Coke uncorks 3-D ad in Times Square

Huge sign gives viewers taste of latest technology

July 02, 2004|By COX NEWS SERVICE

NEW YORK - The Coca-Cola Co. unveiled a super-sized $6 million billboard in Times Square last night, calling it the world's first high-definition "3-D advertising sculpture."

The sign is the latest addition to a new generation of outdoor advertising that seeks to turn heads with visual tricks and technical wizardry.

Companies see a growing need for such innovation as consumers increasingly avoid television commercials by using TiVo-style digital recorders and watching on-demand movies.

"As technology changes, then you adapt your sign and your messaging," said Phil Mooney, a Coke archivist.

Times Square has long been a center of innovation in outdoor advertising, Mooney said. Coke put up its first billboard there in 1920 and added neon lighting three years later.

To produce vivid images in trillions of colors, the new six-story, 30-ton display uses more than 2.6 million light-emitting diodes, a $1 million computer system and enough power to run 10 homes. It has 32 screens that can display separate images or pieces of one giant image.

The unique feature of the new Coke sign is curved, 3-D display surfaces, said Reece Kurtenbach, a senior manager with Daktronics Inc. of Brookings, S.D., which built the sign.

Kurtenbach said that while the sign's nearly 900,000 pixels are much farther apart than those on a traditional TV screen, the images have the clarity of high-definition television when viewed from the street hundreds of feet away.

The outdoor ad business has had steady improvement despite recent slumps in advertising overall, said Stephen Freitas, chief marketing officer for the Outdoor Advertising Association of America.

He said the $5.5 billion industry, which includes everything from roadside billboards to ads on taxis, benches and coffee sleeves, is experiencing 5 percent growth.

"A lot of advertisers are looking for alternatives, certainly not to replace their TV ads, but to augment them," Freitas said.

Outdoor signs are growing more sophisticated, using thin LED or plasma screens and technology that customizes advertising to particular audiences, Freitas said. For example, many New York taxis with digital signs use global positioning system devices to help display promotions tailored to specific neighborhoods.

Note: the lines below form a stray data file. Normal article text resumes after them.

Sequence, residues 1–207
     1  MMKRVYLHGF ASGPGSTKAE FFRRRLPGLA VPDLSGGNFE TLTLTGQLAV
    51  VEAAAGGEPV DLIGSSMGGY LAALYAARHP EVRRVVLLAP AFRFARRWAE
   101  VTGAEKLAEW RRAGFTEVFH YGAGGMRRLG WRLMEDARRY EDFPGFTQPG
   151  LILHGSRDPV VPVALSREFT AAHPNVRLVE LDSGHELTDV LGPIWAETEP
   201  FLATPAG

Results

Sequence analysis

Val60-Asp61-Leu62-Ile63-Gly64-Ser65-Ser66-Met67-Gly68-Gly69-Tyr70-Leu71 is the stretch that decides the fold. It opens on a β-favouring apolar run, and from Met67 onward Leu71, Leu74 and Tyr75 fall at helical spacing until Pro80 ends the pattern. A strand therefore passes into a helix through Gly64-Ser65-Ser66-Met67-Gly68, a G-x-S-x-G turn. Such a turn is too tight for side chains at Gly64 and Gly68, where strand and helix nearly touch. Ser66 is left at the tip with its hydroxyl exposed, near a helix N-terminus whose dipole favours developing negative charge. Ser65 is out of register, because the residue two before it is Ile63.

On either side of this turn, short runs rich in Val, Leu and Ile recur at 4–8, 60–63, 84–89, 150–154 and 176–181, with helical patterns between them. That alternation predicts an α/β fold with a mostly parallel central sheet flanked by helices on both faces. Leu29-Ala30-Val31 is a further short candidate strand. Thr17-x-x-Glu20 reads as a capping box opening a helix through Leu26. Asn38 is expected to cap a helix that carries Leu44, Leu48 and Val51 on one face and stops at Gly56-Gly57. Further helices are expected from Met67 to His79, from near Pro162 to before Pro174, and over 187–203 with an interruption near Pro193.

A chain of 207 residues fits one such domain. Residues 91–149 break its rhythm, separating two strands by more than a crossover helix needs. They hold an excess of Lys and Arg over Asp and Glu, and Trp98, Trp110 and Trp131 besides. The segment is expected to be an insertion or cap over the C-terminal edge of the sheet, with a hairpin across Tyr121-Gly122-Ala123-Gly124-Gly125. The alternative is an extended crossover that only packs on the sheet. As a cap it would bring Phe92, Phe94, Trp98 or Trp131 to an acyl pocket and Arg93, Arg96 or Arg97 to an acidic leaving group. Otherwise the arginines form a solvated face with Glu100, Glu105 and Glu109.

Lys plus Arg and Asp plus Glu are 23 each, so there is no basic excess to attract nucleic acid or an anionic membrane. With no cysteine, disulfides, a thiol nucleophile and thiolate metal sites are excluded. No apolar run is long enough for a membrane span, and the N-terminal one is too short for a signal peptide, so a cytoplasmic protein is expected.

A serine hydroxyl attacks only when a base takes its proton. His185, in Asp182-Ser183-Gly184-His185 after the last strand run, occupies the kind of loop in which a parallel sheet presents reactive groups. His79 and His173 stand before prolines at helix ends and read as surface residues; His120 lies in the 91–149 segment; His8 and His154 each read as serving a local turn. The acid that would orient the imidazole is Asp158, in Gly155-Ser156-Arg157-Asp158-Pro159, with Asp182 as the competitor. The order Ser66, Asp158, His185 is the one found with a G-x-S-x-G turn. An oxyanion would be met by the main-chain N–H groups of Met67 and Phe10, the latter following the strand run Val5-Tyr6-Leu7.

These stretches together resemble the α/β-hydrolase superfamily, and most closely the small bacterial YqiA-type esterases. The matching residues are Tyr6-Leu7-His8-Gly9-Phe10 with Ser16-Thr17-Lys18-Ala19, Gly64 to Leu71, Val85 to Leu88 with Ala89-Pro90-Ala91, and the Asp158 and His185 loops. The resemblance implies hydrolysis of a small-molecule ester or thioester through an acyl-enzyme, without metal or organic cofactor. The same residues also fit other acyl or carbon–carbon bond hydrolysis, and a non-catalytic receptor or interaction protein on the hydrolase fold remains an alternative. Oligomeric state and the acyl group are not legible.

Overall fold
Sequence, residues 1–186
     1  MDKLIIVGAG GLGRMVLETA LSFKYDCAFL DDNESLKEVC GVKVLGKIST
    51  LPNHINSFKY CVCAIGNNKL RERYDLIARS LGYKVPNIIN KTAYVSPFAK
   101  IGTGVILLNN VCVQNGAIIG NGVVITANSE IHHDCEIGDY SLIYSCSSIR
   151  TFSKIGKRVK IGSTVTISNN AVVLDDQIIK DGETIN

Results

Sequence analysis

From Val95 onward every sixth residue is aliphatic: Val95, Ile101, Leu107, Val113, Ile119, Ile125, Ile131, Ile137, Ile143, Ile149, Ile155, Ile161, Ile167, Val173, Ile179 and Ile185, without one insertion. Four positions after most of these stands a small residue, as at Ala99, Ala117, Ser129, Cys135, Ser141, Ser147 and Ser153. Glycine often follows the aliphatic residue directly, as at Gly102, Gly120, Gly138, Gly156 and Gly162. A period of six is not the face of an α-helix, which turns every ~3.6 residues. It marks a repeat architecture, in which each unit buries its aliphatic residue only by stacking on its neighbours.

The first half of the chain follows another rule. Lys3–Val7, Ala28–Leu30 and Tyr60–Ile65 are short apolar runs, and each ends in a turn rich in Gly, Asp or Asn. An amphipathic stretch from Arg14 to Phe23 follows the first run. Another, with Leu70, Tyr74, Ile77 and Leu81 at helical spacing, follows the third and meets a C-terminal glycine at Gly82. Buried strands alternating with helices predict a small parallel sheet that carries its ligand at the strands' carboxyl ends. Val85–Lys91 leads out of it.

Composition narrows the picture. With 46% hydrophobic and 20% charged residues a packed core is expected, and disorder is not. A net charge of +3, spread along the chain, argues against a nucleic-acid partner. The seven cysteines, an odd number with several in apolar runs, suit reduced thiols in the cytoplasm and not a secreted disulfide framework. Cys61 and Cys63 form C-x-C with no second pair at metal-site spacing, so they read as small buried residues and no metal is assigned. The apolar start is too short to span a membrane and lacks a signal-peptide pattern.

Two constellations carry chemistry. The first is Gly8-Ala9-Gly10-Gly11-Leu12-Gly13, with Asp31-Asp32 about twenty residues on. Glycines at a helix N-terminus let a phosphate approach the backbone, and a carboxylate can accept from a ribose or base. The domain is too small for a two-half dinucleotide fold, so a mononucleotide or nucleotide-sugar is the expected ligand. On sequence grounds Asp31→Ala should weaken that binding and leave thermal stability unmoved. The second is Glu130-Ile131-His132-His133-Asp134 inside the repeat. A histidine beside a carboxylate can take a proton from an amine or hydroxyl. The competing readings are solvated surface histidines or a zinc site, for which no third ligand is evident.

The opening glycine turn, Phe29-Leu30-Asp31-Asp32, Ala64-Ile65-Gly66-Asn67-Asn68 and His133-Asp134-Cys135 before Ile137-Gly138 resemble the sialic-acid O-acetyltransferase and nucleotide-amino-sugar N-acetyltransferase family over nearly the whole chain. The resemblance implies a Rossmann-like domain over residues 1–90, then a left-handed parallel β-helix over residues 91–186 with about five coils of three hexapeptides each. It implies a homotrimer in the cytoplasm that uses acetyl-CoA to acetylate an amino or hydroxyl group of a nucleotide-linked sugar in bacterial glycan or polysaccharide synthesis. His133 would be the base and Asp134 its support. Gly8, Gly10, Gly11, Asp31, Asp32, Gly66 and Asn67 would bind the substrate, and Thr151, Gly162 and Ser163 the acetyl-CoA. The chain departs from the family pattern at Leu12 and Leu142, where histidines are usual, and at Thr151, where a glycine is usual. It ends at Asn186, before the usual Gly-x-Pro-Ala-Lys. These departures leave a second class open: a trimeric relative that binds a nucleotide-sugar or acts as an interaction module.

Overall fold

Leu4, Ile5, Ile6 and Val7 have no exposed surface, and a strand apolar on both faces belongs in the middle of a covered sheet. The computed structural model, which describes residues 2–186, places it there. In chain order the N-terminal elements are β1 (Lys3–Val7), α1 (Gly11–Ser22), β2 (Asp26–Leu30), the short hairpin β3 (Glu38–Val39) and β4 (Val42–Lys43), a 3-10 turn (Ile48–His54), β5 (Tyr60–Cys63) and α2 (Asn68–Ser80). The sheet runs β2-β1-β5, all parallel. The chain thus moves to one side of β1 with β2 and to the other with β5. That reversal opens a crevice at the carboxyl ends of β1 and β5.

In the future, roadside billboards may identify signals sent out by passing cars and customize signs based on the interests or demographics of the car's owner, Freitas said. The signs also could transmit coupons or other information to the car's computers or the driver's cell phone or PDA.

Yahoo Inc. merged the technologies of cell phones and billboards in April with a promotion touted as the world's biggest video game. Timed to coincide with the New York Auto Show, the campaign for Yahoo's auto site let people in Times Square call a toll-free number and use their cell phones to control race cars on a giant screen far above the street.

Teams of Yahoo employees worked the crowds, encouraging people to play and even sharing their own cell phones to spur competition.

Advertisers also are taking their messages below ground in new ways.

New York-based Submedia creates advertising in subway tunnels, stringing images together in long chains so riders on moving trains will perceive pictures in motion outside. It's the same visual effect that allows rapidly changing individual frames to be perceived as animation.

"Basically it's a flip book," said Submedia's chief executive, Peter Corrigan. "It looks like the windows of the train turn into a giant plasma screen."

Submedia deployed the first of its subway animations in Atlanta in 2001 and now also has displays in Tokyo, Hong Kong and two New York locations. New displays are being built or planned in other places, including Chicago and Paris.

Corrigan said advertising studies show the subway tunnel ads, which last about 15 seconds, leave a more lasting impression on consumers than television commercials.

"Advertisers are just looking for ways to get to the consumer in a receptive environment," Corrigan said. "TiVo is scaring everyone in the business."

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